Published January 20, 2021
The first of what could be tens of thousands of Western New Yorkers received COVID-19 vaccinations Tuesday at Harriman Hall, an important step in fighting the virus that was first detected in the United States one year ago.
The UB South Campus site, which is being operated by New York State, is among a growing network of locations in the greater Buffalo area and statewide offering the vaccine to senior citizens, first responders and other essential workers.
“This is our weapon. This vaccine, a shot in the arm, is literally our weapon in a war that we will win,” said Lt. Gov. Kathy Hochul, who spoke at the nearby Biomedical Education Building before touring Harriman Hall with President Satish K. Tripathi.
The state expects to vaccinate 500 people a day at Harriman.
Hochul said the virus, which has killed nearly 400,000 people in the U.S., has caused great stress and anxiety. There have been short supplies of the vaccine, she said, adding that Gov. Andrew M. Cuomo and state leaders are working to procure as many doses as possible.
She compared the vaccination effort to testing for the virus, which during the start of the pandemic was limited but expanded rapidly as more test kits became available.
Key to a similar expansion for the vaccine, she said, are state-run sites like the one at Harriman Hall. With its location on UB’s South Campus, the site is going to be accessible for “many Western New Yorkers, particularly those who live in the city of Buffalo,” Hochul said.
Tripathi said the university is pleased to host the vaccination site.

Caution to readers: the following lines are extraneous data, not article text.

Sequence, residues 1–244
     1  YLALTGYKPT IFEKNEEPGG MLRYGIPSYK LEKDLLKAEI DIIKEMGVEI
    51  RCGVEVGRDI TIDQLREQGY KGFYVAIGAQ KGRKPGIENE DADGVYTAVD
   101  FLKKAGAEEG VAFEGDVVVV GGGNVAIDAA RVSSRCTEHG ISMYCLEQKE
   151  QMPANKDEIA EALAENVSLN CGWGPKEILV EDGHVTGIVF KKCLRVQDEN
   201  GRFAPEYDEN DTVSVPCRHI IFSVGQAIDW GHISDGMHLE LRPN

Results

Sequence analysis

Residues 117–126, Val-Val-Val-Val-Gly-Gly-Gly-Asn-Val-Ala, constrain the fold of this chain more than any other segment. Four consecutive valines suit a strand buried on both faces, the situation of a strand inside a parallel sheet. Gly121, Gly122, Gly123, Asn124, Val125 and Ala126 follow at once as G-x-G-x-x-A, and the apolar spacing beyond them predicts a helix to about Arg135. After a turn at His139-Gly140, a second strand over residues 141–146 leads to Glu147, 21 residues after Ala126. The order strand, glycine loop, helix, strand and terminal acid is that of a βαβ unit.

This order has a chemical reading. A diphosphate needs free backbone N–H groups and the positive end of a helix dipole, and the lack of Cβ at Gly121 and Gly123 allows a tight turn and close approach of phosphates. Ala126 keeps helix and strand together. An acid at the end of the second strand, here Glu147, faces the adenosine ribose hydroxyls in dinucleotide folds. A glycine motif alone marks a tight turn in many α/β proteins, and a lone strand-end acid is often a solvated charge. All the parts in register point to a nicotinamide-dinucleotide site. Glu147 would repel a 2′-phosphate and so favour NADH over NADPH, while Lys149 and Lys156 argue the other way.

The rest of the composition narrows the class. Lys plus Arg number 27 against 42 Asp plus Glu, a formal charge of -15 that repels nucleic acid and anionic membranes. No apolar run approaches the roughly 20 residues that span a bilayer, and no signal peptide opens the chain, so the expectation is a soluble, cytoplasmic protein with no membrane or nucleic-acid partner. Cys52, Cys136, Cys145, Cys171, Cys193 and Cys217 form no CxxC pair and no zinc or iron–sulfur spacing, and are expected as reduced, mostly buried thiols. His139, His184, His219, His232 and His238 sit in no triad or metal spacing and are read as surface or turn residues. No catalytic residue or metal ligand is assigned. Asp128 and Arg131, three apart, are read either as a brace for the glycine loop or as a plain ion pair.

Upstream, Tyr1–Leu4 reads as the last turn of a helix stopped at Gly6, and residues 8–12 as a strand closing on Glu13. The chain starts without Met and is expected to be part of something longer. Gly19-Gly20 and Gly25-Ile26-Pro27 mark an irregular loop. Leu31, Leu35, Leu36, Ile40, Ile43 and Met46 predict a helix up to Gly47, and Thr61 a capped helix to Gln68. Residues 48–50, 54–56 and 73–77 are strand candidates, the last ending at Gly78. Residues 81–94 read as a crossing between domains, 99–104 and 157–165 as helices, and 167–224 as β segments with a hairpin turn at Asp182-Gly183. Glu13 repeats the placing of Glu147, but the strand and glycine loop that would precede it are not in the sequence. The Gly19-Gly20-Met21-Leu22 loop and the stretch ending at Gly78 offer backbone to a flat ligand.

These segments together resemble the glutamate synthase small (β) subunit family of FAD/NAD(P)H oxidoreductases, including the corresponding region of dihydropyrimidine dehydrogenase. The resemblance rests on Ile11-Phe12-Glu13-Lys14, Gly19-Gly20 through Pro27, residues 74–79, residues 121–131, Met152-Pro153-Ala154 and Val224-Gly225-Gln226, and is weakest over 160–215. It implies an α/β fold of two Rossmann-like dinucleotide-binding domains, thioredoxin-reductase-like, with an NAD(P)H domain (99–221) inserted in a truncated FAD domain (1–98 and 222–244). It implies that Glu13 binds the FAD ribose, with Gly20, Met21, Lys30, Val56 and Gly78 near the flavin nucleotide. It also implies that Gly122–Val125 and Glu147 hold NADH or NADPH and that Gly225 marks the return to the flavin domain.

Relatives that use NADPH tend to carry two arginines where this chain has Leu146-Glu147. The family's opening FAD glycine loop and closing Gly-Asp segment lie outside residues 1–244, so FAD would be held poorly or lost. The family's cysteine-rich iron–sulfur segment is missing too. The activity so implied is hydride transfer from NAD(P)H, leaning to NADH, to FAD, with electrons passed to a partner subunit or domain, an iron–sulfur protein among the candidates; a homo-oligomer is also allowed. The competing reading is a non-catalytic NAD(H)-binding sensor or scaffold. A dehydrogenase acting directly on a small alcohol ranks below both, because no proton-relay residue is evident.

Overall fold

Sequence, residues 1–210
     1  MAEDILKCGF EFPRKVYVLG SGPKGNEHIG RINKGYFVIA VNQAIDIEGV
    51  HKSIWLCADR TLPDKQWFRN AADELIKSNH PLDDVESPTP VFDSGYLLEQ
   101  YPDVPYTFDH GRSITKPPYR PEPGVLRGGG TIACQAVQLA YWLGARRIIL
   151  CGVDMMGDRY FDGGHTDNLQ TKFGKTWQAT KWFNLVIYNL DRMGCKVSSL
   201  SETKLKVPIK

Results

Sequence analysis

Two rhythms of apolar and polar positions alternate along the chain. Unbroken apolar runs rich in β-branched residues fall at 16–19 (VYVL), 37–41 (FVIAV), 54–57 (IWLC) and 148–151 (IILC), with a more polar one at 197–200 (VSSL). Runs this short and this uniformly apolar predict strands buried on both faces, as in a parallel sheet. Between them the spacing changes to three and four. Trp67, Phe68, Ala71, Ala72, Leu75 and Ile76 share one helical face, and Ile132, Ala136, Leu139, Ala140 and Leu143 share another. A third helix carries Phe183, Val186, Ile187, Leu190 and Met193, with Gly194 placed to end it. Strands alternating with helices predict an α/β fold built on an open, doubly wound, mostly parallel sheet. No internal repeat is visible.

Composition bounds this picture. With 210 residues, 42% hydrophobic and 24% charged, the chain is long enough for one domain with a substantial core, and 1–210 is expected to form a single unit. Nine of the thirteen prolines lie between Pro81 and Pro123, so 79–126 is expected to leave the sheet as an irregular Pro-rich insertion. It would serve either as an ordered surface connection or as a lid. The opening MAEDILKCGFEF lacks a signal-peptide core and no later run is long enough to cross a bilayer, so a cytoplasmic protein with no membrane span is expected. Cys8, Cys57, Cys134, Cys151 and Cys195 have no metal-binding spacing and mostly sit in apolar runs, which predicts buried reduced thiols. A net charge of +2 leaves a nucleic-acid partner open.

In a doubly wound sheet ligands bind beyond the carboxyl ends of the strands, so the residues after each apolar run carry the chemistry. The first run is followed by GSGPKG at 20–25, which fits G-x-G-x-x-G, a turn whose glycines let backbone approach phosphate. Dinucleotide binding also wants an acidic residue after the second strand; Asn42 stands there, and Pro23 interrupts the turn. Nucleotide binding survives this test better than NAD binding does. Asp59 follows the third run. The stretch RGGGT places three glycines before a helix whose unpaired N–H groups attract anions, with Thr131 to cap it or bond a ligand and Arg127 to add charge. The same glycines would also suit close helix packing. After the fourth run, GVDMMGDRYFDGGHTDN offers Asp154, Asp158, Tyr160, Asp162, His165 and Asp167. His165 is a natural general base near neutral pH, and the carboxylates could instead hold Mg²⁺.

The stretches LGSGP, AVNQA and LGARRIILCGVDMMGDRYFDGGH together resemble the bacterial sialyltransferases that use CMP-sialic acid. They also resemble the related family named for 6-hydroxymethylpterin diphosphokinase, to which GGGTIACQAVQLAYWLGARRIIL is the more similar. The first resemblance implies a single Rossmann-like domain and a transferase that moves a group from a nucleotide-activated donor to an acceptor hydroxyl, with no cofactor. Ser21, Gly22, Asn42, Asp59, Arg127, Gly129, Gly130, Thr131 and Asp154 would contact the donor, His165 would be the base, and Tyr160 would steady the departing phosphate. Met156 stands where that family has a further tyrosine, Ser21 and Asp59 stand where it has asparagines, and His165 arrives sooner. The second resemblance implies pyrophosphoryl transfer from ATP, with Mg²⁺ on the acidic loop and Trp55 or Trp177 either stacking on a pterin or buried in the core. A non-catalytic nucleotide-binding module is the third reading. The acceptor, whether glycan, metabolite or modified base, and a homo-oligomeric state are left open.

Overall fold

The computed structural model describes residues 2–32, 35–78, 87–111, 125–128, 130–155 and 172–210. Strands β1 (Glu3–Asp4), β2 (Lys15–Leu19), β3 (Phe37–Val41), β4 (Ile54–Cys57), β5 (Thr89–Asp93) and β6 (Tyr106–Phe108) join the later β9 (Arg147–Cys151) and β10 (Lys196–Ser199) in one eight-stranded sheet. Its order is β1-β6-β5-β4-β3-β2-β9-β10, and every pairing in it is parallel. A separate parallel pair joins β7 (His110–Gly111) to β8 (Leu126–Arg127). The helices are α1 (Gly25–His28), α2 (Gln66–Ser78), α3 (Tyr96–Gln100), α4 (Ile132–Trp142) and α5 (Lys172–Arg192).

“Today marks another important step in protecting our region from this public health threat,” he said.
The site is the latest example of UB helping Western New York and New York State respond to the pandemic. It comes as UB faculty, students and health care professionals continue to work on the frontlines in the region’s hospitals, as health informatics researchers give local officials early warnings of surges in cases, and as health equity leaders work to ensure Buffalo’s underserved populations have access to medical care.
“Your leadership here, and the resources of the University at Buffalo, have really put Western New York in a unique place in this battle,” Hochul said.
She thanked Michael Cain, vice president for health sciences and dean of the Jacobs School of Medicine and Biomedical Sciences, who since the onset of the pandemic has worked with local and state officials to coordinate the region’s response. She noted Cain is a member of the Western New York Vaccine Hub leadership team, which she leads and includes Catholic Health President and CEO Mark A. Sullivan and Erie County Medical Center President and CEO Thomas J. Quatroche Jr.
Hochul also cited the contributions of Nancy Nielsen, senior associate dean for health policy in the Jacobs School and a member of the Western New York Vaccine Hub team, noting that Nielsen is “literally in daily contact with each of the five county public health departments.”
Vaccines distributed on the South Campus will be provided to Western New York community members by appointment only and in accordance with guidelines developed by the New York State Department of Health.
Vaccines are being administered to people who meet the current criteria and have scheduled an appointment through the state’s eligibility website.
The state is currently vaccinating people in the 1a and 1b eligibility groups, which include frontline physicians and health care workers, first responders, individuals age 65 and older, grocery store workers, in-person college instructors and public transit workers, among others. The full list is available on the state’s vaccine site.
It is unlikely that UB will receive a supply of vaccine to vaccinate UB students, faculty and staff. The university’s COVID-19 information website now has a page with vaccination FAQs for UB students and employees.